Drug smugglers are now moving their product across the ocean in the dark of night, coming ashore in Southern California, and showing no signs of backing down. NBC's Mark Potter reports.
MALIBU, CALIF. -- On a starry night in the hills overlooking the Pacific Ocean north of Los Angeles, a two-man California National Guard special forces surveillance team sets up a sophisticated night scope. Their mission is to search the horizon and the waters below for an increasing number of Mexican drug traffickers offloading multi-ton loads of marijuana--and sometimes illegal immigrants--on remote U.S. beaches.
"These service members are the eyes and ears of federal law enforcement here," said Lt. Kara Siepmann, of the Guard's National Drug program. When asked about what specifically they are looking for, one of the surveillance team members said, "We're looking for blacked out vessels and any suspicious activity we can find, any unusual boats coming through the area."
Used to smuggle drugs from Mexico, this panga boat was captured near Huntington Beach, Calif., in August 2011. The faces of the three men being arrested have been obscured at the request of the HSI.
The soldiers work quietly and in the dark, aware that the Mexican traffickers have their own spotters here watching out for U.S. law enforcement personnel. "They don't want to land where the National Guard or the Border Patrol are looking for them," said Siepmann.
Turning fishing boats into drug boats
In the last few years, law enforcement officials said they have seen a considerable spike in smugglers loading drugs or immigrants onto boats in Mexico's northern Baja Peninsula, then motoring north to offload their illegal cargo along a 300-mile-long stretch of California beaches, sometimes within sight of the many luxury homes on the coastline.
Courtesy of HSI/ICE
Used to smuggle drugs from Mexico, this panga boat was found in California's Ventura County in January 2012.
Federal agents said this is the latest smuggling technique employed by Mexico's notorious Sinaloa drug cartel, headed by that country's most-wanted criminal, Joaquin "El Chapo" Guzman. The boats are small, open-hulled commercial fishing boats called pangas, which are commonly found in the inshore waters of Mexico and Central America.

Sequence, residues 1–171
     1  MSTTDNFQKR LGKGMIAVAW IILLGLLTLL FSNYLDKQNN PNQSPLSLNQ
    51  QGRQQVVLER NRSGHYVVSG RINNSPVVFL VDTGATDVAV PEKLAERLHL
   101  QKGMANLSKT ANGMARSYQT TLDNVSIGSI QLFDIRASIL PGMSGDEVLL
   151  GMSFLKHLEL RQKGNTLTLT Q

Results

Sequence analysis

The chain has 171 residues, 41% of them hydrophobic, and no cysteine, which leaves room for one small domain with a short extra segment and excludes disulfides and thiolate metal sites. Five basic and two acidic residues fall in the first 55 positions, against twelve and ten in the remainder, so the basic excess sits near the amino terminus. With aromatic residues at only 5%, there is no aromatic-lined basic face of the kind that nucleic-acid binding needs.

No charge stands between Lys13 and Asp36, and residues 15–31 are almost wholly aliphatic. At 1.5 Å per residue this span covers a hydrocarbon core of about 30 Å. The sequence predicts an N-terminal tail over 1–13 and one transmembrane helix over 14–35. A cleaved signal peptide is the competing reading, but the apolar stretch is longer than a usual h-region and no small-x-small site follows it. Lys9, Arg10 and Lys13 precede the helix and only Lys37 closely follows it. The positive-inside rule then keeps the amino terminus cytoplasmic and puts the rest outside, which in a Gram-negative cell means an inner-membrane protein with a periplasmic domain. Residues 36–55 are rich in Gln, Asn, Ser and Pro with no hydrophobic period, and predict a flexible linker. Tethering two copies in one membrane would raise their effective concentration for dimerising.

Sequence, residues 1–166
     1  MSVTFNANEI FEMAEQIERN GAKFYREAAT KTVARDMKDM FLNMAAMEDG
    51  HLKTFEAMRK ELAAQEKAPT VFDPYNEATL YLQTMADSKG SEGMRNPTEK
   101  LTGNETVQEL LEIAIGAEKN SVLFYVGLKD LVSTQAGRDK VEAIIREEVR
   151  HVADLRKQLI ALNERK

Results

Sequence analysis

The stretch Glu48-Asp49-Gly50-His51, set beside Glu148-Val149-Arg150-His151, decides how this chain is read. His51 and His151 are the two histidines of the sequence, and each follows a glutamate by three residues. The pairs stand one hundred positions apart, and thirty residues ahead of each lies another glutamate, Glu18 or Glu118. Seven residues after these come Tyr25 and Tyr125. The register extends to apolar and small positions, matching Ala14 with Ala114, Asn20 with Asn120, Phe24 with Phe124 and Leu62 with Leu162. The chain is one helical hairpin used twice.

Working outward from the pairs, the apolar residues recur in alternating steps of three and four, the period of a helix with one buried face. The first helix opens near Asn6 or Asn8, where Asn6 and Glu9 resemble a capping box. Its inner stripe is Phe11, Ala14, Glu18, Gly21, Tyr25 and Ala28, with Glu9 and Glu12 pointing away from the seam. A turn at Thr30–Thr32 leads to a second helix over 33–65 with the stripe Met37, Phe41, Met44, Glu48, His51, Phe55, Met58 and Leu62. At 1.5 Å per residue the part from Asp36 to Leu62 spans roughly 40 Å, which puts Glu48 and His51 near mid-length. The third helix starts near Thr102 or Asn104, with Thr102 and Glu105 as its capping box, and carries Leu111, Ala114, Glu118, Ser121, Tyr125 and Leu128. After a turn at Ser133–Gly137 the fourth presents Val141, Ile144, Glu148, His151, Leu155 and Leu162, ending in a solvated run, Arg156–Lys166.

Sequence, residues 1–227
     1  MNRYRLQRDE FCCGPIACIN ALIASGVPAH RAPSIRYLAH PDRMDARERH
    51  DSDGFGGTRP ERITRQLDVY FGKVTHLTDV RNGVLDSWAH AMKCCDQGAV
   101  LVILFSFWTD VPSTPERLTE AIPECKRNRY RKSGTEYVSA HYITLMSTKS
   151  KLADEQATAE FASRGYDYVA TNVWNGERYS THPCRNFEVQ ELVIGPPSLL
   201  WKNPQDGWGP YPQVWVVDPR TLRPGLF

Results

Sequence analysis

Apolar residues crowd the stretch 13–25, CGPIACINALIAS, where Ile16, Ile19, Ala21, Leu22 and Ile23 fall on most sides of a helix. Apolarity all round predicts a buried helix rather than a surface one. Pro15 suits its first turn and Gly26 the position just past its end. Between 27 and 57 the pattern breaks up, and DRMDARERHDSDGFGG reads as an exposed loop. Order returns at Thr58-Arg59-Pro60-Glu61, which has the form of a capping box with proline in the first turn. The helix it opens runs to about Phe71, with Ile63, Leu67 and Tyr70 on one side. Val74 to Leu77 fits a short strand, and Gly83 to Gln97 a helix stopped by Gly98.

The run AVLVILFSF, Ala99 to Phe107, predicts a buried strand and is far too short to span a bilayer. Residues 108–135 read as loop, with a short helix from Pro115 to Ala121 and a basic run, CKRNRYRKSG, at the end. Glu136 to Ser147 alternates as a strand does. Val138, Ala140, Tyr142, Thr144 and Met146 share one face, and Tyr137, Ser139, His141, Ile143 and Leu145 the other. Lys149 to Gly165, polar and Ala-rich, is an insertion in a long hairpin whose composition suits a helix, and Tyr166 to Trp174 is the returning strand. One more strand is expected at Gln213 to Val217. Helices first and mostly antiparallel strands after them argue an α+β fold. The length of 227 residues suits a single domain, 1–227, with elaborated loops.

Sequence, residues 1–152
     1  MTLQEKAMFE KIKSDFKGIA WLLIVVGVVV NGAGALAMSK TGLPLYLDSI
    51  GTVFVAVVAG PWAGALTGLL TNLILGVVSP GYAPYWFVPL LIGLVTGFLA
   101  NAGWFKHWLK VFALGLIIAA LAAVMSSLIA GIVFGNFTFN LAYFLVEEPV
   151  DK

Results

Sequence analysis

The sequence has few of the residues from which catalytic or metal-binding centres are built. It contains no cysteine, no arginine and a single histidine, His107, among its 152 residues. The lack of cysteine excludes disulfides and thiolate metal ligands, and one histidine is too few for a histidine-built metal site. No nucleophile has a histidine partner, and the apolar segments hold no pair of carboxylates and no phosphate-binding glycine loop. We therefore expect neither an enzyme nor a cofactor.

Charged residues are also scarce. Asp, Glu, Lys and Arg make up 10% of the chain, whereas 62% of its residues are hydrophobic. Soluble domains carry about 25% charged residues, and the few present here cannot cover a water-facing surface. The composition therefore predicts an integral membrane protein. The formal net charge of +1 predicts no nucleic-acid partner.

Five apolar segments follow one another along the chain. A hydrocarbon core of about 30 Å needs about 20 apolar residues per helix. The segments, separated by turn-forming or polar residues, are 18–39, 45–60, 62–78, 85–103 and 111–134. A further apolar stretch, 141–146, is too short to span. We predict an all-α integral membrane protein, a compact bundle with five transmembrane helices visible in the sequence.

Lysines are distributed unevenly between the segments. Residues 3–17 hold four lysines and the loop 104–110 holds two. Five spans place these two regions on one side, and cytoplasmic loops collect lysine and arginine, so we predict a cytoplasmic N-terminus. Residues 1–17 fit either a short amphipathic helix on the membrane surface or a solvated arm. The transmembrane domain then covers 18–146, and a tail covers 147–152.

With their low profiles, the pangas are hard to spot in open water, but they can carry a large payload. Sometimes these 30- to 40-foot boats will have as many as four outboard engines, allowing them to outrun most vessels used by the authorities.
"The trend is pretty much going straight up," said Lt. Stewart Sibert, the captain of the US Coast Guard Cutter Halibut, which patrols in search of Mexican smugglers near the California coast.
U.S. Customs and Border Protection Agent Troy Matthews describes sea smuggling techniques and the dangers associated with it.
"The past few months have been very busy for us," he said. "We caught more drugs in these past two months than in the past two years."
According to arrest statistics reported by U.S. Immigration and Customs Enforcement, or ICE, there were 183 known "events" in fiscal year 2011 along the California coast involving the maritime smuggling of drugs or immigrants, up considerably from the previous three years. During the first seven months of this fiscal year, there have already been 113 such events as the numbers climb even faster than last year.
California National Guard members work on secret nighttime surveillance operations to locate smugglers on the seas, attempting to reach the California coast. They use night vision goggles and infrared technology that allows them to see for miles out to sea.
"We're seeing four and five tons of drugs come in per run and we're seeing dozens of runs. It's almost one or two per week at this point," said Sibert.
A dangerous trade heading north